Science quotes on:  |  Astonishing (27)  |  Feat (10)  |  Indirect (18)  |  Knowledge (1529)  |  Natural (796)  |  Orderly (38)  |  Scheme (57)

It is my thesis that the physical functioning of the living individual and the operation of some of the newer communication machines are precisely parallel in their analogous attempts to control entropy through feedback. Both of them have sensory receptors as one stage in their cycle of operation: that is, in both of them there exists a special apparatus for collecting information from the outer world at low energy levels, and for making it available in the operation of the individual or of the machine. In both cases these external messages are not taken neat, but through the internal transforming powers of the apparatus, whether it be alive or dead. The information is then turned into a new form available for the further stages of performance. In both the animal and the machine this performance is made to be effective on the outer world. In both of them, their performed action on the outer world, and not merely their intended aetion, is reported back to the central regulatory apparatus.
In The Human Use of Human Beings: Cybernetics and Society (1954), 26-27.
Science quotes on:  |  Action (327)  |  Alive (90)  |  Analogy (71)  |  Animal (617)  |  Apparatus (68)  |  Attempt (251)  |  Available (78)  |  Back (390)  |  Both (493)  |  Central (80)  |  Control (167)  |  Cycle (40)  |  Effective (59)  |  Energy (344)  |  Entropy (44)  |  Exist (443)  |  Feedback (8)  |  Form (959)  |  Function (228)  |  Individual (404)  |  Information (166)  |  Internal (66)  |  Life (1795)  |  Living (491)  |  Low (80)  |  Machine (257)  |  Making (300)  |  Merely (316)  |  Message (49)  |  New (1216)  |  Operation (213)  |  Parallel (43)  |  Perform (121)  |  Performance (48)  |  Physical (508)  |  Power (746)  |  Precisely (92)  |  Sense (770)  |  Sensory (16)  |  Special (184)  |  Stage (143)  |  Thesis (15)  |  Through (849)  |  Turn (447)  |  World (1774)

It is the destiny of the sciences, which must necessarily be in the hands of a few, that the utility of their progress should be invisible to the greater part of mankind, especially if those sciences are associated with unobtrusive pursuits. Let a greater facility in using our navigable waters and opening new lines of communication but once exist, simply because at present we know vastly better how to level the ground and construct locks and flood-gates—what does it amount to? The workmen have had their labors lightened, but they themselves have not the least idea of the skill of the geometer who directed them; they have been put in motion nearly as the body is by a soul of which it knows nothing; the rest of the world has even less perception of the genius which presided over the enterprise, and enjoys the success it has attained only with a species of ingratitude.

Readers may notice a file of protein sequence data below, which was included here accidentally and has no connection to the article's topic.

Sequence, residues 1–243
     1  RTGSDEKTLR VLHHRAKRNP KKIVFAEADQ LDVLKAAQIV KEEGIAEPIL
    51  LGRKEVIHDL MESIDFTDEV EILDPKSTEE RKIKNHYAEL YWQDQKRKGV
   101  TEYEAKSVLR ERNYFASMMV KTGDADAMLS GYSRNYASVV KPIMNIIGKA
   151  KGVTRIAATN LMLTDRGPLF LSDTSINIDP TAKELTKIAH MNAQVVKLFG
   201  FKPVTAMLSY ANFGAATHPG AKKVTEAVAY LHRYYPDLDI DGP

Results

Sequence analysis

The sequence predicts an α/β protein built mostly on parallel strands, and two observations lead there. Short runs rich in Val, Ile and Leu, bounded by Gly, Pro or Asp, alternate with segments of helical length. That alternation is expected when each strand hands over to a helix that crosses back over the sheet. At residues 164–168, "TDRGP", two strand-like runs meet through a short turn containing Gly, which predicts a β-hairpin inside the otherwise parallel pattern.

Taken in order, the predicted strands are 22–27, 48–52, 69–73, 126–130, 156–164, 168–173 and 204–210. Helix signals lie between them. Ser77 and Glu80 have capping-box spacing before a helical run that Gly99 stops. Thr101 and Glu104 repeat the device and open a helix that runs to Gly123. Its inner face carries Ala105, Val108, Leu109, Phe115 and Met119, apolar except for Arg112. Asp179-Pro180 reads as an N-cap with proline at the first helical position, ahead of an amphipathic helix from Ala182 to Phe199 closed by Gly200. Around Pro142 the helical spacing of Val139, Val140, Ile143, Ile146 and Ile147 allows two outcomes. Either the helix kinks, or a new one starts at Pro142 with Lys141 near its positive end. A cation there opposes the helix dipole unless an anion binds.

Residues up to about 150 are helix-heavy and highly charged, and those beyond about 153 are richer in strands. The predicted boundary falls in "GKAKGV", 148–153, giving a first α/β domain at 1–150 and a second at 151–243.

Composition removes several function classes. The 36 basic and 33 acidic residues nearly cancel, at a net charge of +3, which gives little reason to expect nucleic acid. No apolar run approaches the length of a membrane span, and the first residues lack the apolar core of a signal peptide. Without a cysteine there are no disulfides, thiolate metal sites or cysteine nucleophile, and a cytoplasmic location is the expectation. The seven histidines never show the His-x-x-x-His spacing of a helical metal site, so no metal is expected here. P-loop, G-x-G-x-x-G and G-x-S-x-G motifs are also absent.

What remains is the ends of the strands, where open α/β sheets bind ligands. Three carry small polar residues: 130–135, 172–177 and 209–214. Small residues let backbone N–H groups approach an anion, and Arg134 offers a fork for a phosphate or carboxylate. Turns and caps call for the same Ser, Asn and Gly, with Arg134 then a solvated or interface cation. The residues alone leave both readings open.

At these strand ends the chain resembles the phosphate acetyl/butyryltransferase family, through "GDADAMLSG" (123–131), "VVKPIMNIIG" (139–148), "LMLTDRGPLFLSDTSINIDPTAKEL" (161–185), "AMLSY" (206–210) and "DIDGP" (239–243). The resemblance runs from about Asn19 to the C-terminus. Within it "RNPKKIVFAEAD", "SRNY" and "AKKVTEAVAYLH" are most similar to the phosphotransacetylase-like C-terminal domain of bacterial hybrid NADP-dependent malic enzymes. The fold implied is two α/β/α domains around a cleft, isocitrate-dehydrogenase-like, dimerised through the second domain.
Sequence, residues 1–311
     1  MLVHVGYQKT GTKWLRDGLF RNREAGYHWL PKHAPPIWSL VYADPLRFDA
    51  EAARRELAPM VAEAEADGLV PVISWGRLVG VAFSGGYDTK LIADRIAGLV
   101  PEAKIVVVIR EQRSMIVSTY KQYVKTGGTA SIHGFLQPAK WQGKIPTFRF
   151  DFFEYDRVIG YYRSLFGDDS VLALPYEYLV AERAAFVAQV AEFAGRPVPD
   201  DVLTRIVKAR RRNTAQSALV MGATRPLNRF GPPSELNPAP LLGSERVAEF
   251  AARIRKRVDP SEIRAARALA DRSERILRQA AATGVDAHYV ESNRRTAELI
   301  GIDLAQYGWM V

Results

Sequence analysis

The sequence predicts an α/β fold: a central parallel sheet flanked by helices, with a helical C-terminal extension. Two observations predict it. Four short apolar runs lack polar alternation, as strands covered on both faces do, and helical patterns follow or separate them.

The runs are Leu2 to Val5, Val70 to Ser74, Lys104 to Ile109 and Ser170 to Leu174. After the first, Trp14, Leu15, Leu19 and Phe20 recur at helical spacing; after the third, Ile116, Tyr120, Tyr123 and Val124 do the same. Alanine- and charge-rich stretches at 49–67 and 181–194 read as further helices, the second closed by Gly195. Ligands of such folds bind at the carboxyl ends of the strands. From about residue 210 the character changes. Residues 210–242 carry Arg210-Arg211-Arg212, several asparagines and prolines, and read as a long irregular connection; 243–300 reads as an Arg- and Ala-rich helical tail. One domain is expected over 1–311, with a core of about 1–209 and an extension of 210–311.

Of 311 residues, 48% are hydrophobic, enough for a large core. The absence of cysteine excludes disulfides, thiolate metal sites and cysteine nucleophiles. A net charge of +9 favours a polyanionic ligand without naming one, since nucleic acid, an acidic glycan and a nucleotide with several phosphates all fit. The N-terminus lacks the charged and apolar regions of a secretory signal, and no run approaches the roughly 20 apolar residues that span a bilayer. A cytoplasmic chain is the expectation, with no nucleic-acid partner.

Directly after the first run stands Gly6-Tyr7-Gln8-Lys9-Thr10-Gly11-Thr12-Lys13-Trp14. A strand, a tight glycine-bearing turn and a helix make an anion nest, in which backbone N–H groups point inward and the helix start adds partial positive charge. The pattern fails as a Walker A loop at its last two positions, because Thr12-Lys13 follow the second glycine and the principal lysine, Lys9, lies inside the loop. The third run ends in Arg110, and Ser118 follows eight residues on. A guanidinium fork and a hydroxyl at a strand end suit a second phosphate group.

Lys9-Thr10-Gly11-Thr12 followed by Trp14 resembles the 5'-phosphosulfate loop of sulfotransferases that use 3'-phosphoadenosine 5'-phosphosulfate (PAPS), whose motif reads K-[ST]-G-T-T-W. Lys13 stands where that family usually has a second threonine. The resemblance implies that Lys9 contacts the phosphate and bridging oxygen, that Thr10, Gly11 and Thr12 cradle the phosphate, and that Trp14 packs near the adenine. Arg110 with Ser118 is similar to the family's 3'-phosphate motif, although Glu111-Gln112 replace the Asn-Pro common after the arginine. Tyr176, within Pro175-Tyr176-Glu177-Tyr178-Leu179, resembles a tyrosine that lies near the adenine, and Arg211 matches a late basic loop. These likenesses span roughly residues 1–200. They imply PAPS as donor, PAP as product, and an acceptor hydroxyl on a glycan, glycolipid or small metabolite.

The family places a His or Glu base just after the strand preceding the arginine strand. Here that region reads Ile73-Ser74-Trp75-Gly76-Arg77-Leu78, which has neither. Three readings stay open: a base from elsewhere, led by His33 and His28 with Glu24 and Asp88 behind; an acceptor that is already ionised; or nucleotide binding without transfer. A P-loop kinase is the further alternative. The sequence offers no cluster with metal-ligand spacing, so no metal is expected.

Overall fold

As quoted in Joseph Henry, 'Report of the Secretary', Annual Report of the Board of Regents of the Smithsonian Institution for 1859 (1860), 16-17. Webmaster has not yet been able to locate a primary source for this quote.
Science quotes on:  |  Amount (151)  |  Attain (125)  |  Better (486)  |  Body (537)  |  Canal (17)  |  Construct (124)  |  Destiny (50)  |  Direct (225)  |  Enjoy (40)  |  Enterprise (54)  |  Exist (443)  |  Flood (50)  |  Gate (32)  |  Genius (284)  |  Greater (288)  |  Ground (217)  |  Idea (843)  |  Invisible (63)  |  Know (1518)  |  Labor (107)  |  Mankind (339)  |  Motion (310)  |  Must (1526)  |  Nearly (137)  |  Necessarily (135)  |  New (1216)  |  Nothing (966)  |  Perception (97)  |  Present (619)  |  Progress (465)  |  Pursuit (121)  |  Rest (280)  |  Science (3879)  |  Skill (109)  |  Soul (226)  |  Species (401)  |  Success (302)  |  Themselves (433)  |  Utility (49)  |  Water (481)  |  World (1774)

It seems rather incongruous that in a society of super-sophisticated communications, we often suffer from a shortage of listeners.
…...
Science quotes on:  |  Listener (7)  |  Often (106)  |  Seem (145)  |  Shortage (5)  |  Society (326)  |  Sophisticated (15)  |  Suffer (41)

It seems reasonable to envision, for a time 10 or 15 years hence, a “thinking center” that will incorporate the functions of present-day libraries together with anticipated advances in information storage and retrieval and ... a network of such centers, connected to one another by wide-band communication lines and to individual users by leased-wire services.
From article 'Man-Computer Symbiosis', in IRE Transactions on Human Factors in Electronics (Mar 1960), Vol. HFE-1, 4-11.
Science quotes on:  |  Advance (280)  |  Center (33)  |  Connect (125)  |  Connected (8)  |  Envision (3)  |  Function (228)  |  Incorporate (9)  |  Individual (404)  |  Information (166)  |  Library (48)  |  Network (21)  |  Present (619)  |  Present Day (5)  |  Service (110)  |  Storage (6)  |  Thinking (414)  |  Time (1877)  |  Together (387)  |  User (4)  |  Wide (96)  |  Will (2355)  |  Wire (35)  |  Year (933)

It will be possible in a few more years to build radio controlled rockets which can be steered into such orbits beyond the limits of the atmosphere and left to broadcast scientific information back to the Earth. A little later, manned rockets will be able to make similar flights with sufficient excess power to break the orbit and return to Earth. (1945) [Predicting communications satellites.]
In 'Can Rocket Stations Give Worldwide Coverage?', Wireless World (Oct 1945). Quoted and cited in Arthur C. Clarke, Greetings, Carbon-Based Bipeds!: Collected Essays, 1934-1998, 21.